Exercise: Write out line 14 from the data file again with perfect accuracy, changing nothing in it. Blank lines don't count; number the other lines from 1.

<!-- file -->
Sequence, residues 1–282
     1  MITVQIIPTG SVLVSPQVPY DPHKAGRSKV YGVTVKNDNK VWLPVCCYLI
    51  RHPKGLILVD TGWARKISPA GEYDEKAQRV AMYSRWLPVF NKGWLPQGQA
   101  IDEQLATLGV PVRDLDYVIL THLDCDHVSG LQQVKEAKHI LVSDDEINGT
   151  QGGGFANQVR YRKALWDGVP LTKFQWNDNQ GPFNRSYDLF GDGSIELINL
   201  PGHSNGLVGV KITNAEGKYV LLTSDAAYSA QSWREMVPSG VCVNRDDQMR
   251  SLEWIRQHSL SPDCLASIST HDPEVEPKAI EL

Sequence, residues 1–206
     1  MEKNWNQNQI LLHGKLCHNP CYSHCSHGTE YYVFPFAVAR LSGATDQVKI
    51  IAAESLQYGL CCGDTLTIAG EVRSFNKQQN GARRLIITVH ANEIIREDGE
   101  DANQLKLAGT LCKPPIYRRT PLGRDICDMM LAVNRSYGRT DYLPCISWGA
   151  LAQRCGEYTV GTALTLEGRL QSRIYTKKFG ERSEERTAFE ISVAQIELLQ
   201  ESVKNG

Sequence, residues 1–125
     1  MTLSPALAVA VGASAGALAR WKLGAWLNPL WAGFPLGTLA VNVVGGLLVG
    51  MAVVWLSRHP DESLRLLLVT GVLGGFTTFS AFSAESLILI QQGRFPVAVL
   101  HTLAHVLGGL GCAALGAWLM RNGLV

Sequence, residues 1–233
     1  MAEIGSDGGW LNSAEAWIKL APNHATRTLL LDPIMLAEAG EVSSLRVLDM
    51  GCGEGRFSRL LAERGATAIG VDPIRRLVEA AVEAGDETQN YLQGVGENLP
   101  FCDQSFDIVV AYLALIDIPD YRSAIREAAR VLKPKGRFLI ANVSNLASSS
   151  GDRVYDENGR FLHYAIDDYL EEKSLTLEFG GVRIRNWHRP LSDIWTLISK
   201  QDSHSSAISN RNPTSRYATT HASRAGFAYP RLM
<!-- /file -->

Sequence, residues 1–125